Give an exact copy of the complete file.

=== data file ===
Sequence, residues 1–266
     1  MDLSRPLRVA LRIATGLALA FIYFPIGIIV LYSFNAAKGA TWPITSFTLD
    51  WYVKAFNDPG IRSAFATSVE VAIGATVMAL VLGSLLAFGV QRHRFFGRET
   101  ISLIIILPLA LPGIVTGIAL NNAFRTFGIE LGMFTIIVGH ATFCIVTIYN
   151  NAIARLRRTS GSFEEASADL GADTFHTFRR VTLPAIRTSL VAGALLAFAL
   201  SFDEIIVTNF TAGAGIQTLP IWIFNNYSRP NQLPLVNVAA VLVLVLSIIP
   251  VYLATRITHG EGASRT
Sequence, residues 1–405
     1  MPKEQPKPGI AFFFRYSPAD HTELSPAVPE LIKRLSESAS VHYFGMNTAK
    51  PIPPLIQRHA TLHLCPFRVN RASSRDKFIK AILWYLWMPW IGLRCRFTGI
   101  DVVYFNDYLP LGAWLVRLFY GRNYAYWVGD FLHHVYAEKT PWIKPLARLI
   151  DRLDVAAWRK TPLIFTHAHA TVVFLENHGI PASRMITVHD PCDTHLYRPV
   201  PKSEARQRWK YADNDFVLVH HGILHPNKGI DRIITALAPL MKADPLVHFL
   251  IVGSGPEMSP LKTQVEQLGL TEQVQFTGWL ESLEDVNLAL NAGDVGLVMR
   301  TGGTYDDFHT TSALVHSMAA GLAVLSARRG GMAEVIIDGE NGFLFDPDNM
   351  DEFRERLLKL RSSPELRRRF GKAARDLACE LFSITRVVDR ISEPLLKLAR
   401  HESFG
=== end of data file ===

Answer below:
Sequence, residues 1–266
     1  MDLSRPLRVA LRIATGLALA FIYFPIGIIV LYSFNAAKGA TWPITSFTLD
    51  WYVKAFNDPG IRSAFATSVE VAIGATVMAL VLGSLLAFGV QRHRFFGRET
   101  ISLIIILPLA LPGIVTGIAL NNAFRTFGIE LGMFTIIVGH ATFCIVTIYN
   151  NAIARLRRTS GSFEEASADL GADTFHTFRR VTLPAIRTSL VAGALLAFAL
   201  SFDEIIVTNF TAGAGIQTLP IWIFNNYSRP NQLPLVNVAA VLVLVLSIIP
   251  VYLATRITHG EGASRT
Sequence, residues 1–405
     1  MPKEQPKPGI AFFFRYSPAD HTELSPAVPE LIKRLSESAS VHYFGMNTAK
    51  PIPPLIQRHA TLHLCPFRVN RASSRDKFIK AILWYLWMPW IGLRCRFTGI
   101  DVVYFNDYLP LGAWLVRLFY GRNYAYWVGD FLHHVYAEKT PWIKPLARLI
   151  DRLDVAAWRK TPLIFTHAHA TVVFLENHGI PASRMITVHD PCDTHLYRPV
   201  PKSEARQRWK YADNDFVLVH HGILHPNKGI DRIITALAPL MKADPLVHFL
   251  IVGSGPEMSP LKTQVEQLGL TEQVQFTGWL ESLEDVNLAL NAGDVGLVMR
   301  TGGTYDDFHT TSALVHSMAA GLAVLSARRG GMAEVIIDGE NGFLFDPDNM
   351  DEFRERLLKL RSSPELRRRF GKAARDLACE LFSITRVVDR ISEPLLKLAR
   401  HESFG